Taking the Plunge in New Zealand


C2C2020. Coast to Coast New Zealand 2020. Even the abbreviation caught my attention a year ago when I first heard of this race. My reasons for signing up were varied: see a new country/hemisphere; try a new sport; commit to something big in the distant future that would give me purpose and direction when I felt lost. The bittersweet reality is that it’s over. But the ride was amazing.

As many of you know I was petrified of the kayaking. Due to a variety of reasons (including my father’s passing and an impromptu trip back to Greece) I couldn’t train enough on whitewater before it got too cold, and while flatwater kayaking was ok, it didn’t give me the confidence to tackle the dozens of rapids and bluff turns. Thankfully the support crew that I hired, Team CP, had me covered with an excellent, stable kayak and fantastic advice. This proved to be vital for the race, as for the days leading up to it the skies opened up and dumped so much water on the mountains that the run course had to be modified (nicknamed “Plan B”) to avoid drownings (which have occurred on the course by hikers in the past).

This race was the most technical I have ever done and the most challenging regarding gear and transitions. It made Ironman planning feel easy. It was a run to bike to run to camp to bike to run to kayak to run to bike to run 😬. In addition to several miles on the road, including a 16% grade that seemed to go on forever, the run for me was basically a fast hike that took 5 1/2 hours. Ankle-breaking rocks were everywhere. The river rocks you see in the pictures are the actual run course and there were about a dozen river crossings. There were also virtually no aid stations; you carried everything you needed. When I finished I was warmly greeted by Dean Kennedy who had won his age group in the Mountain Run! Team CP did an amazing job having snacks, tents and sleeping bags ready for us after the first day, and Dean took care of me while I did my best to recover enough to race the next day. I slept a solid 9 1/2 hours that night.

The next day’s kayaking was even more challenging than I imagined as the river was swollen and the volume of water was greater. People were getting dumped out of their kayaks constantly and had to be rescued. Then the weather turned and a big rainstorm hit, bringing with it a hefty headwind and low visibility. Fortunately I managed to stay in the boat and 5 1/2 hours later emerged, shivering, soaked, and stiff- and ready to cycle 70 km- and wearing about five layers of clothes, including my paddle jacket that I refused to remove. At the end I ran up the sandy ramp to the finish line, cold, wet and sore, but incredibly proud of an accomplishment that I had been striving for over an entire year.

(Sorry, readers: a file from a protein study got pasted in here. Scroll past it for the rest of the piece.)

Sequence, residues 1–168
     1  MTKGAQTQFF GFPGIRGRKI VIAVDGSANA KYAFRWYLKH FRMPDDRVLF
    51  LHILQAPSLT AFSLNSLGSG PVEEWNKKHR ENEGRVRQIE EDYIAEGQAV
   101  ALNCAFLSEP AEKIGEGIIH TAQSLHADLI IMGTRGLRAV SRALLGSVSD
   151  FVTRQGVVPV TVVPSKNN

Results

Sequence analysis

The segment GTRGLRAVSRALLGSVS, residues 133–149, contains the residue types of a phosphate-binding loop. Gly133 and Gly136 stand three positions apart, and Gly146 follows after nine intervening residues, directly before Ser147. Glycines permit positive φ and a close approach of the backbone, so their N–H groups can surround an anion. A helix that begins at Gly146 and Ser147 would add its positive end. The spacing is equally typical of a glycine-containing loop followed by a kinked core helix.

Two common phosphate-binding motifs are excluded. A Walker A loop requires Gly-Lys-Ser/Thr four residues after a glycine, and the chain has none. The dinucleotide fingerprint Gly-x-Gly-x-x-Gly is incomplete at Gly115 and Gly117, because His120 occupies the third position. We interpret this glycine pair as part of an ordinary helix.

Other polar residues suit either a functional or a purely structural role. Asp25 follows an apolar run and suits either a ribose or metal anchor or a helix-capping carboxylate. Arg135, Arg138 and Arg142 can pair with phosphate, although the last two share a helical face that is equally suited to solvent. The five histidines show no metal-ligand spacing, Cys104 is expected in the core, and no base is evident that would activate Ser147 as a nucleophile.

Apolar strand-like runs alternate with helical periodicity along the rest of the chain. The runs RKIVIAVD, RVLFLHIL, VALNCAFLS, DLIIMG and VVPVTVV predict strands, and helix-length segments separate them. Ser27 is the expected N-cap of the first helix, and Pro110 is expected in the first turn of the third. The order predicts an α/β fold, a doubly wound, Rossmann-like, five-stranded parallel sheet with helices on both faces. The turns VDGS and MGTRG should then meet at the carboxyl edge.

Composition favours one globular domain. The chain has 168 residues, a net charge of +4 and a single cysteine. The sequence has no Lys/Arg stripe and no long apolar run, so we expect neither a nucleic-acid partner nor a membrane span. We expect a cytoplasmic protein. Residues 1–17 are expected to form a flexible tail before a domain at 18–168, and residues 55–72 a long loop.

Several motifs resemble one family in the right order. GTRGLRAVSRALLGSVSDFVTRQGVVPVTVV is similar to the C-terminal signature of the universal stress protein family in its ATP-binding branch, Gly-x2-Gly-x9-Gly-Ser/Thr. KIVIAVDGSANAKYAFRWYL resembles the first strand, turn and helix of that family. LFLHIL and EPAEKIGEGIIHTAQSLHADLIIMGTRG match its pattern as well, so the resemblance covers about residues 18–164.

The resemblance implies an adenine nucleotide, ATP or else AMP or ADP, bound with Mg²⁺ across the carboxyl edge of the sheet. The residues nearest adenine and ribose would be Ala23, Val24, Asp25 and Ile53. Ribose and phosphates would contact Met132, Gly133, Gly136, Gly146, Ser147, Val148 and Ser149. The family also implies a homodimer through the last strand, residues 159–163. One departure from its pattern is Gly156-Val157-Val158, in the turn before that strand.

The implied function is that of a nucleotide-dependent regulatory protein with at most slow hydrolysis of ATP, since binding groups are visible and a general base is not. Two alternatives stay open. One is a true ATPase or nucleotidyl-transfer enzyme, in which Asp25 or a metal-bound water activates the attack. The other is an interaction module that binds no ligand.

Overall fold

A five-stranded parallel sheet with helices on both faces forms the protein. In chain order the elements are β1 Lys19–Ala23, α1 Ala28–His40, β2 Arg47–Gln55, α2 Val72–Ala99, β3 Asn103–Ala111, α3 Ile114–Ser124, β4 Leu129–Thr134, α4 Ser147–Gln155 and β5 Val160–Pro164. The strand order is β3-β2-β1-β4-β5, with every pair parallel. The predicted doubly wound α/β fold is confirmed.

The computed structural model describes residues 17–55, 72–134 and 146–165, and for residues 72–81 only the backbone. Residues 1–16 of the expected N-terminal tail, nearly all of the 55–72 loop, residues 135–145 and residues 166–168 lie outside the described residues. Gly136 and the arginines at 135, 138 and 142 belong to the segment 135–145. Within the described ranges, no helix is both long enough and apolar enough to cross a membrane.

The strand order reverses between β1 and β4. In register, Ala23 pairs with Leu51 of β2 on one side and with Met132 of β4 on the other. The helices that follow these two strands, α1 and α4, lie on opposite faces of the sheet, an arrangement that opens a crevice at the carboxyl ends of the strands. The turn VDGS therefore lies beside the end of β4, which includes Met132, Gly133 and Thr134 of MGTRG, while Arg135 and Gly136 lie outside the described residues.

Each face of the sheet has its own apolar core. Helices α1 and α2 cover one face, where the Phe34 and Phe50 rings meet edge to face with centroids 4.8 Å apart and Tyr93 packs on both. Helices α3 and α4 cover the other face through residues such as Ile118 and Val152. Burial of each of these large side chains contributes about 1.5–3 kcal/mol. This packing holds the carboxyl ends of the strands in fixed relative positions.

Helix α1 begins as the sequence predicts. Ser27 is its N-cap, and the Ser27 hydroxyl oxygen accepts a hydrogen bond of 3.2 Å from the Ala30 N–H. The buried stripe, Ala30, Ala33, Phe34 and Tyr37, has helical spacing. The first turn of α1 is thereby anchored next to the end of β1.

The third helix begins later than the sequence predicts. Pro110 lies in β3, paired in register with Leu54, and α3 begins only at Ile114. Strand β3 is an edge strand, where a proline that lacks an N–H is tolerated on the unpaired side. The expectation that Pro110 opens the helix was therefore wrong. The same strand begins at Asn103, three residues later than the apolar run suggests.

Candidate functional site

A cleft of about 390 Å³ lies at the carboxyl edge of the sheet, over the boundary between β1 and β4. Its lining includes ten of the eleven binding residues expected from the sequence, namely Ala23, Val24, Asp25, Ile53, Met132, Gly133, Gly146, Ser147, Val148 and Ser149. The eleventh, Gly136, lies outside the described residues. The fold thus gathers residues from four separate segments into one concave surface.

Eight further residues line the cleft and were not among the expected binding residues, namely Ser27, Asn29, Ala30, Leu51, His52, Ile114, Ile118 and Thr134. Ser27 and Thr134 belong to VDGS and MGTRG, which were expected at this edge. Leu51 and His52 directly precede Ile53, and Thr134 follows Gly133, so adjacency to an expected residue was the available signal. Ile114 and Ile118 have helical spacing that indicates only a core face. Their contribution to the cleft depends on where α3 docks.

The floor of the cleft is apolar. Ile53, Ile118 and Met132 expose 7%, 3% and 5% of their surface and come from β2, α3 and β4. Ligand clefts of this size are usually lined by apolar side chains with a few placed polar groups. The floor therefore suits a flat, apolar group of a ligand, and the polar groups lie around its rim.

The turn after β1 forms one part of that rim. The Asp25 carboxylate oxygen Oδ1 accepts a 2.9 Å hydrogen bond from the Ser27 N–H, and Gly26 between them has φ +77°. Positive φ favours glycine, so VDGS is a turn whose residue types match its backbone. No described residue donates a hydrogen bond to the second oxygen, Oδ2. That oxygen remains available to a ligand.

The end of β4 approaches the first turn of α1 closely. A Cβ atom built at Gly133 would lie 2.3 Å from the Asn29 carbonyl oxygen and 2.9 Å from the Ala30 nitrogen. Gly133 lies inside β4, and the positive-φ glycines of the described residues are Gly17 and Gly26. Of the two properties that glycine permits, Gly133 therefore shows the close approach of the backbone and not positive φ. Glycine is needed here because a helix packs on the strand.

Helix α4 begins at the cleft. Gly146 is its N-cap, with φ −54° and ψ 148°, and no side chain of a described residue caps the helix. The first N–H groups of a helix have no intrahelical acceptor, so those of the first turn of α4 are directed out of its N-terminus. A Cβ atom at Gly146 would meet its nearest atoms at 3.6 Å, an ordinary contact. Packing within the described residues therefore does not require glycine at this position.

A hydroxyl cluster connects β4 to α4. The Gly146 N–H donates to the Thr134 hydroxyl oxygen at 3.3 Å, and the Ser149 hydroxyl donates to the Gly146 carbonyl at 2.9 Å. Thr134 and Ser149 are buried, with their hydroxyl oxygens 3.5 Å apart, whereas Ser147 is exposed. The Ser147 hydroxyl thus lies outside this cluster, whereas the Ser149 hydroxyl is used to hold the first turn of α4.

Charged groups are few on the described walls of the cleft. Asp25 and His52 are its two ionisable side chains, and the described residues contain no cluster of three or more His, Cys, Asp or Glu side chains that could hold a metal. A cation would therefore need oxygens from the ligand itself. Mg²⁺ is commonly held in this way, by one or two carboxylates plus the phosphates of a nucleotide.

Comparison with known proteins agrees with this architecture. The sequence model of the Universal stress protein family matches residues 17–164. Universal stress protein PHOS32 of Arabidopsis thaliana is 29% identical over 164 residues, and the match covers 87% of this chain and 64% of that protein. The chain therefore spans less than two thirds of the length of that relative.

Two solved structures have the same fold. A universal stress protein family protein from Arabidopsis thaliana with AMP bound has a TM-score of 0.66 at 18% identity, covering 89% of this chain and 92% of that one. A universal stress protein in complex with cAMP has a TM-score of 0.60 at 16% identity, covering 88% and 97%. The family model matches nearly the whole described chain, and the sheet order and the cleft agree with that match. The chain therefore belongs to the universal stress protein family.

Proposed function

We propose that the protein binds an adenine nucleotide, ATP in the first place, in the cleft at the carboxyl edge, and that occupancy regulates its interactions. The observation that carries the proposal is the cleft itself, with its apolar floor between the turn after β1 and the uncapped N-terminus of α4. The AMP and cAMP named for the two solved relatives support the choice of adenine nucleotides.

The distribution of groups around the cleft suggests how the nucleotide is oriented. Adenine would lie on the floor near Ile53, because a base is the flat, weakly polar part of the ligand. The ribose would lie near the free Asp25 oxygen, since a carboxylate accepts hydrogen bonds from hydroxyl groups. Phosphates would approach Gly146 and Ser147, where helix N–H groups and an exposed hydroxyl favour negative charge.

Two days after the race we went back to the mountains and hiked the “Plan A” run that we missed due to the water levels. The scenery was truly jaw-dropping. Pictures don’t do it justice.

Tradition for C2C states that you must touch the water on the west coast before you start and the east coast after you finish. It’s also tradition to take a rock from the west coast and throw it in the water of the east. 15 minutes before I left to head to the start line in the first day, my good friend Nissa Marie texted me from the Johns Hopkins ICU to wish me luck. She had been there two weeks already and fighting way harder to stay alive than I was about to. I decided that I would dedicate my race to her. The rock I picked up was my constant reminder that I was fortunate to be in beautiful country with the ability to achieve a lofty goal. Some people are not as fortunate.

I’m about to head in to work, and the quote in my tea bag says the following: “Tag, you’re it! The chance may not come again, so take the plunge! -Heather Zimmerman.” Go ahead, friends. Take the plunge and do something that inspires you. Now’s your chance!

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